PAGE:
Judy Yung, Ph.D. - Key Advisor, is Professor Emerita of American Studies at the University of California, Santa Cruz. She specializes in oral history, women’s history, and Asian American history. Dr. Yung received her M.A. in Library Science and Ph.D. in Ethnic Studies from the University of California, Berkeley. She has won many academic awards, as well as awards for her books, which include: Island: Poetry and History of Chinese Immigrants on Angel Island; Unbound Feet: A Social History of Chinese Women in San Francisco; Chinese American Voices: From the Gold Rush to the Present; andAngel Island: Immigrant Gateway to America. For more about Dr. Yung, click here.
Gordon Chang, Ph.D. - is the Senior Associate Vice Provost for Undergraduate Education at Stanford University. The Olive H. Palmer Professor in Humanities, he is a professor of American History, and former Director of Asian American Studies Program at Stanford. He received his B.A. from Princeton University and his M.A. and Ph.D. from Stanford University. Dr. Chang is the editor and author of many publications and, among other accolades, he is a recipient of both Guggenheim and ACLS fellowships. He is affiliated with the Center for Comparative Studies in Race and Ethnicity, the American Studies Program, International Relations Program, and the Center for East Asian Studies. His most recent books are Ghosts of Gold Mountain: The Epic Story of the Chinese who Built the Transcontinental published in 2019; and The Chinese and the Iron Road: Building the Transcontinental Railroad, also published in 2019, which he co-edited. He was co- curator of Asian American Art: A History, 1850-1970, an exhibition at San Francisco’s de Young Museum which included one of the May’s Studio photographs from Wylie Wong’s collection. Dr. Chang is editor of the book that accompanied the exhibition, which is one of the most comprehensive studies of American Asian artists in the U.S. before 1970. Through Dr. Chang, Wong donated his May’s Studio photographs and Chinatown ephemera collection to be archived and available for researchers at the Green Library at Stanford University. Visit Dr. Chang's website.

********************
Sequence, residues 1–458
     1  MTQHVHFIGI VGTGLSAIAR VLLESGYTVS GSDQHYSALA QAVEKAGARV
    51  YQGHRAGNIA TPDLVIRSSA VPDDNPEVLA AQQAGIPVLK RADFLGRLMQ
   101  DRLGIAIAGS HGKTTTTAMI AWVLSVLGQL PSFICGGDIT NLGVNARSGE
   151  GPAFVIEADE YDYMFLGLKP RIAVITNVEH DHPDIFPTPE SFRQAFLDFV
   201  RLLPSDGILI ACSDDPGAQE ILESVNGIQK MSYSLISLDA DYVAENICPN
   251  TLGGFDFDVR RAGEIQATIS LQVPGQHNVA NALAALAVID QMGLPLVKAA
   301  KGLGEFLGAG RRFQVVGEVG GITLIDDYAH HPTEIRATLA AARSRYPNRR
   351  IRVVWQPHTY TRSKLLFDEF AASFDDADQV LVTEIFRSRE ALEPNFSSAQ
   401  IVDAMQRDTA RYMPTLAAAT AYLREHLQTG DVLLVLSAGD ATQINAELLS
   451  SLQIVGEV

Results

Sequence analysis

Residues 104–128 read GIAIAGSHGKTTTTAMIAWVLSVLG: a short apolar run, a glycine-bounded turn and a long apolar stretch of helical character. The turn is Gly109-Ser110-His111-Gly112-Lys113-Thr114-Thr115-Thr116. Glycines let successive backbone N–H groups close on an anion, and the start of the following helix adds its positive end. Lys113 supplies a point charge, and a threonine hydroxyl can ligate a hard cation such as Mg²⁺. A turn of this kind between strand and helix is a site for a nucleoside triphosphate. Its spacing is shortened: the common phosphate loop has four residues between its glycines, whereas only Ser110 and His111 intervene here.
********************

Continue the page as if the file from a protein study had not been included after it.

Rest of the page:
Nancy Yunhwa Rao, Ph.D. - is professor of music, Rutgers University. She received a B.A. in Music Performance from National Taiwan Normal University, and an M.M. and Ph.D. in Music Theory from the University of Michigan. Dr. Rao has researched on a range of topics, including gender and music, sketch studies, music modernism, cultural fusion in music, racial representations, and the music history of early Chinese Americans. Her publications have provided analytical approaches to cross-cultural music, and sought to enhance public discussions about cultural encounter in music. Through her scholarship, as well as teaching, she has promoted diversity and advanced knowledge and dialogue about the complexity of diversity issues in music scholarship. Her book Chinatown Opera Theater in North America, published in 2017 by University of Illinois Press, includes analysis of playbills, performing networks, theater histories, opera arias, stage spectacles, and more. It won three book awards American Musicological Society, Society for American Music, and Association for Asian American Studies. She will help us explore Chinatown music past and present, and music for our soundtrack. Visit Dr. Rao's website.
Jack Tchen, Ph.D. - is a Gallatin Associate Professor and founding director of the Asian/Pacific/American Institute of New York University and co-founder of the Museum of Chinese in America. He holds a B.A. from University of Wisconsin, Madison, and an M.A. and Ph.D. in History from New York University. His emphasis is on trans-local cross-cultural communications, archives and epistemologies, and progressive pedagogy. Among his many awards, is the Charles S. Frankel Prize from the NEH. One of Dr. Tchen’s books is Genthe’s Photographs of San Francisco’s Old Chinatown, 1895-1905. He regularly collaborates with filmmakers and media producers, artists, and collectors, and through the A/P/A Institute sponsors and produces hundreds of programs and performances. Dr. Tchen was co-curator of New York MoCA’s core exhibition, With a Single Step: Stories in the Making of America in a new space designed by Maya Lin. He will help us develop audience engagement with museums, cultural institutions, and programs in which our documentary may be included. Visit Dr. Tchen's website.